"I don't like the insect."
Translation:Dw i ddim yn hoffi'r pryf.
'Dydw'? I don't remember this word ever being mentioned before. Is it a mistake or something I've missed?
It's a word to show you aren't/don't in the same way that 'Rydw' shows you are/do
I said 'dw i ddim yn hoffi yr pryf' and was not accepted which is surely wrong as it said the correct sentence was ' dw i ddim yn hoffi'r pryf' which is exactly the same just abbreviated!
The mistake here is 'yr pryf' when it should be 'y pryf'
The definite article, as explained in the notes for 'the' has three forms:-
Y is the standard form, eg 'Y car'
Yr is used before a vowel, eg 'Yr afal'
'r is used after a vowel, eg 'Yr afal a'r car'
The reason for these different forms is that the language 'flows' better using them.
What do you mean when you sat the notes? Ive seen a few people mention "the notes".. is there a secret part of this app that I haven't discovered?
The notes aren't available on the app, only on the website. They appear before each topic and explain new grammar. You'll be able to access them on the browser of your mobile device, although you may need to set it to show the desktop site.
"Licio"? When did we stop using "hoffi"? "Licio" has been a wrong answer in some of these multiple choice questions in other units, why is it suddenly right now?
Both licio and "hoffi" are accepted in the course, if you ever come across a sentence where one is accepted but not the other please report it so the contributors can add it.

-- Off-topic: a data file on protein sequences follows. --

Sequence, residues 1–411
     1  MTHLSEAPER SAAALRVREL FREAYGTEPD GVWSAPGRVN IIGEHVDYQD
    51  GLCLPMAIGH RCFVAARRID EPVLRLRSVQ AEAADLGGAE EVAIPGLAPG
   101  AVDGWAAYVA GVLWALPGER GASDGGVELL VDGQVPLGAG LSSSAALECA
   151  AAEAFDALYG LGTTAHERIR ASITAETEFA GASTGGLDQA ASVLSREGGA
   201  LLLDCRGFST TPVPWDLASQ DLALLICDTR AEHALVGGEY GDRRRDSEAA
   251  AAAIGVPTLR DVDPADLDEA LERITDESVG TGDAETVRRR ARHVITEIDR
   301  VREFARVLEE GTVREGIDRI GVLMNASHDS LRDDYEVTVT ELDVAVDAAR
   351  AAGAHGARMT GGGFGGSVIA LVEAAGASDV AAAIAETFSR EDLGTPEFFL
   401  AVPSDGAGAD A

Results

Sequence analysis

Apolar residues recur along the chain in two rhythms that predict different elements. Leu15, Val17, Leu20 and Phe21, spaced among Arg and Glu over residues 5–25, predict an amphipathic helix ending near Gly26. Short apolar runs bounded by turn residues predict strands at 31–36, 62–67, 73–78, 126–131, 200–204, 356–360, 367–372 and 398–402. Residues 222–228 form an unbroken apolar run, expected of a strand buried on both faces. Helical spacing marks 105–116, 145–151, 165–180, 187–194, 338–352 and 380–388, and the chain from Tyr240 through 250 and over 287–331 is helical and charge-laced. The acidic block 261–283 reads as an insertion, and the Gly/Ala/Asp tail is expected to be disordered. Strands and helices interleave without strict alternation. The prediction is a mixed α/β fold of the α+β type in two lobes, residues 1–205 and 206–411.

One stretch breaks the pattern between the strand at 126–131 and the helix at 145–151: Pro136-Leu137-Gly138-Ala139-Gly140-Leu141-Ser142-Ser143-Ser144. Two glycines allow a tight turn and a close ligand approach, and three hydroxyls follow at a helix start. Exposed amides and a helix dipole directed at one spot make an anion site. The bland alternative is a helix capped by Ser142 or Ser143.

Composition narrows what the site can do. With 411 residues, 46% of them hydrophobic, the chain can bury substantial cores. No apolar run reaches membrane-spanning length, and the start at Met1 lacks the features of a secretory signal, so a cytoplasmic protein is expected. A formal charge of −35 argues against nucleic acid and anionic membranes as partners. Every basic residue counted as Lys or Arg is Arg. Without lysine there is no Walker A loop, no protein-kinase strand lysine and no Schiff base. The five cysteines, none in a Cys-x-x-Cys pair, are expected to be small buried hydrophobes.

I've definitely seen multiple choice questions in the earlier modules where only the answer with "hoffi" was correct (by implication, the answer with "licio" being not correct). I will report the actual question when I come across it. Thanks for your reply. :)
Is there any unit in the tree whose 'Tips and Notes' section mentions the more formal rydw i , rwyt ti , etc.?
No. The forms taught here are those taught to adults in Wales (dw i, etc), although some others are also accepted. You will find the full range of forms on many web sites.
The shortened forms are the ones most widely used in the general colloquial language The ry- forms are often used in writing and in slightly more formal speech. Other forms may be used in informal speech in various dialects, such as Wi’n mynd; Ry’n ni’n mynd; Ŷch chi’n mynd; Ôdd e’n mynd; Wedd hi’n mynd, etc, or the verb might even be dropped entirely. There are also some more formal forms used in formal writing - the formal registers of Welsh are taught on more advanced courses.
Thank you for the extensive reply.
I'll look out for the standard rydw (etc.) forms, because the answers to this exercise included also Dydw i ddim yn hoffi'r pryf , which found me completely unprepared.